Nick Capodice [00:14:28] Coming up how students and teachers constitutional rights change when they cross the schoolhouse gate.

 

Hannah McCarthy [00:14:35] Nick you've been saying that federal laws are few and far between when it comes to school. But aren't there some things that public school teachers cannot teach.

 

Nick Capodice [00:14:45] What are you talking about exactly.

 

Hannah McCarthy [00:14:46] I'm talking about you know like teaching religion and teaching like passages from the Bible you know because of the whole separation of church and state thing. Right?

 

Nick Capodice [00:14:55] Right there is lots of Supreme Court precedent about that separation in public schools. But what happens in the classrooms themselves is an entirely different matter. For example I asked Adam what are the rules when it comes to teaching creationism and evolution in American schools.

 

Adam Laats [00:15:09] Yeah I can do it in three words. No one knows. The Supreme Court doesn't know, your local principal doesn't know, the kids in school have no idea. My, when my daughter was in fourth grade her new best friend just transferred from Catholic school into her public school and were walking home and I was like how is school, you know how is your new school. She was like, it was OK. But at one point someone sneezed? And I said bless you? And then I was like sorry. I don't know if you can say bless you in a public school.

 

Adam Laats [00:15:43] So I think when it comes to what the law is ever since the Scopes Trial of 1925 and before no one knows what you can do with religion in schools.

 

Spencer Tracy [00:15:54] In a child's power to master the multiplication table there is more sanctity than your shouted amens and holy holies and hosannahs.

 

Nick Capodice [00:16:05] State of Tennessee v. John Thomas Scopes often referred to as the Scopes Monkey Trial, wonderfully depicted in the 1960 classic Inherit the Wind. It was a case about whether a Tennessee Act that forbade teaching evolution was unconstitutional. And it started this conversation nationally but precedent wasn't set until the 1960s.

 

Adam Laats [00:16:25] So for example, can a science teacher teach creationism? Well we know that by by Supreme Court precedent and other court precedents there's a really clear answer and that answer is a resounding no. But we also know they surveyed a ton of high school biology teachers and very few of them teach only evolution. Sixty percent of them say they sort of mix it up, 13 or 14 percent teach only creationism. So the Supreme Court is clear. But what goes on in classrooms is anything but clear when it comes to creationism.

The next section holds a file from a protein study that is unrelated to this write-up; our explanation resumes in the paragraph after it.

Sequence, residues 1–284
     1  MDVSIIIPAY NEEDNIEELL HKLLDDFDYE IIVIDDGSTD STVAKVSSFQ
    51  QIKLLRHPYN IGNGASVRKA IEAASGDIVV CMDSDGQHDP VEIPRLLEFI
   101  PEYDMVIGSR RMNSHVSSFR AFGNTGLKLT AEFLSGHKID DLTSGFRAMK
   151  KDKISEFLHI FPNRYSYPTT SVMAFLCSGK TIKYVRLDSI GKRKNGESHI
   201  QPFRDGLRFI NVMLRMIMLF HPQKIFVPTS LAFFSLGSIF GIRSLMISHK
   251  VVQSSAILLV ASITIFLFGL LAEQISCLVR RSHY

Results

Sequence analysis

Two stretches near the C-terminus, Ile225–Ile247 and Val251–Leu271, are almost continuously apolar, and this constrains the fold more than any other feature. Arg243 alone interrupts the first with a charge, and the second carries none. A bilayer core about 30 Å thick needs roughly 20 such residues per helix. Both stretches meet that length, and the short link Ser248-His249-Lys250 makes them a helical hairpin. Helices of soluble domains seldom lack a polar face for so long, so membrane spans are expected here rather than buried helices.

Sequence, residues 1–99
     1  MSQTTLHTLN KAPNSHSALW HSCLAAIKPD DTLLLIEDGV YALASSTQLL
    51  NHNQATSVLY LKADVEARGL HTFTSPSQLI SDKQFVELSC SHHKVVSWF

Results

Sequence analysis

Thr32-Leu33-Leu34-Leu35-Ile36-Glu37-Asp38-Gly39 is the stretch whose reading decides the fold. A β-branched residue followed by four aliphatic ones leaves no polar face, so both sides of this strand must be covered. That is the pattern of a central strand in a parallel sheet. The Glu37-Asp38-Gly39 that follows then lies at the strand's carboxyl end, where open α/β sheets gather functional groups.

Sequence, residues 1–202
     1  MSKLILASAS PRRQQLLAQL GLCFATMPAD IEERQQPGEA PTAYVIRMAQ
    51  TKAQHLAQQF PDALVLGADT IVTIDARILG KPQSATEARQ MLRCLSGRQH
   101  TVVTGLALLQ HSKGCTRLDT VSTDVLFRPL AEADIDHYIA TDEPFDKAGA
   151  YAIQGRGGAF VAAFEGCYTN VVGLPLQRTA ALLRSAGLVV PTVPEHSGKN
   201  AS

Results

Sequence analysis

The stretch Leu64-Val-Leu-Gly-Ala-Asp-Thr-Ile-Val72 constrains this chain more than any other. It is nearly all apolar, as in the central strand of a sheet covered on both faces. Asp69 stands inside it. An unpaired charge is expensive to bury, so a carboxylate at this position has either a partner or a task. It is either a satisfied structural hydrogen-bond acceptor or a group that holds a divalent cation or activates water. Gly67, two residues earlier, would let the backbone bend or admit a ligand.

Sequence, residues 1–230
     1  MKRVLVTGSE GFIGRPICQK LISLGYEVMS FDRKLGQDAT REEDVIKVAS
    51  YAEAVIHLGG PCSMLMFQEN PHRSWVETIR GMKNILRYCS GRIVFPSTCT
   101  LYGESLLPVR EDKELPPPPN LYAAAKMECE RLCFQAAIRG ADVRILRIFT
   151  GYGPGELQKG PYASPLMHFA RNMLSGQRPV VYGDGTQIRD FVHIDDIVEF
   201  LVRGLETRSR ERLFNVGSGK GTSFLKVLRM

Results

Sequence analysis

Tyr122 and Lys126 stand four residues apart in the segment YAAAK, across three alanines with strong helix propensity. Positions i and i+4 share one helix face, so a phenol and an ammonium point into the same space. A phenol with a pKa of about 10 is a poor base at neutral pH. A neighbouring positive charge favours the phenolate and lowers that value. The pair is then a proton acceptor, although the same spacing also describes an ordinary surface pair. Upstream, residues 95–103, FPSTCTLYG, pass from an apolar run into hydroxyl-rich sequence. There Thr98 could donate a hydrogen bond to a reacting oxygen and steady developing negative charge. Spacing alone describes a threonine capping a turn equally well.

Hannah McCarthy [00:16:59] What about students, their rights? Is it any clearer when it comes to them?

 

Nick Capodice [00:17:04] You and I have done several shows about First Amendment rights in schools. But we should do in the future about Fourth Amendment rights in schools, like can a teacher look in your locker or tell you to unlock your phone. The quickest summary of that is I can't go to your house Hannah and look in your closet. But a teacher can ask you to open your locker. The Supreme Court has ruled that teachers maintaining order outweighs a student's right to privacy at school if they have reasonable grounds.

 

Mary Beth Tinker [00:17:30] As I like to explain to students all of the rights of the Bill of Rights and in our constitution have limitations.

 

Hannah McCarthy [00:17:38] Who is that.

 

Nick Capodice [00:17:39] That is a personal hero is who that is.

 

Mary Beth Tinker [00:17:41] My name is Mary Beth Tinker. And when I was 13 years old I became a plaintiff in what became aU.S. Supreme Court ruling for students rights called Tinker vs. Des Moines.

 

Hannah McCarthy [00:17:54] The Mary Beth Tinker?

 

SCOTUS archival [00:17:55] Number 21, John Tinker and Mary Beth Tinker, minors, et cetera et al, petitioners vs Des Moines community School District et al.

 

Nick Capodice [00:18:08] If any of you were unfamiliar with the Supreme Court case Tinker v. Des Moines from 1969. It was the topic of Hannah and my first episode together, which we called IRL1. Mary Beth Tinker and her brother John and others were suspended for wearing black armbands to mourn the dead on both sides of the Vietnam War and their case went to the Supreme Court. The Tinkers won. And in the opinion of Justice Abe Fortas he wrote "It can hardly be argued that either students or teachers shed their constitutional rights to freedom of speech or expression at the schoolhouse gate." And today Mary Beth travels the country advocating for students rights.

 

Mary Beth Tinker [00:18:45] Young people have unique qualities. They have incredible creativity. They have energy. They're willing to take risk. And it's no wonder that they've been in the lead of movements through history to stand up for justice and for equality and all of our democratic values. Because another great quality of young people is that they have a sense of fairness. And adults are too quick to tell kids you know that life's not fair and get used to it. But I always tell kids, don't get used to it. Life should be fair. And when you see something that's not fair you can use your first amendment rights; the right to free speech free press to assemble the right to petition the right to have your own beliefs your own religion to do something about things that you see are not fair and to take action.